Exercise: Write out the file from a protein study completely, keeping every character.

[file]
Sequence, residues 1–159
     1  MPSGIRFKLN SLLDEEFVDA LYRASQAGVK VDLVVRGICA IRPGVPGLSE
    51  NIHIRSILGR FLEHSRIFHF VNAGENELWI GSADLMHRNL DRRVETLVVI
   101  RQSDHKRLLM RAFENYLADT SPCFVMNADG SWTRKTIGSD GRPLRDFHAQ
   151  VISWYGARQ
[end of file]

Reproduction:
Sequence, residues 1–159
     1  MPSGIRFKLN SLLDEEFVDA LYRASQAGVK VDLVVRGICA IRPGVPGLSE
    51  NIHIRSILGR FLEHSRIFHF VNAGENELWI GSADLMHRNL DRRVETLVVI
   101  RQSDHKRLLM RAFENYLADT SPCFVMNADG SWTRKTIGSD GRPLRDFHAQ
   151  VISWYGARQ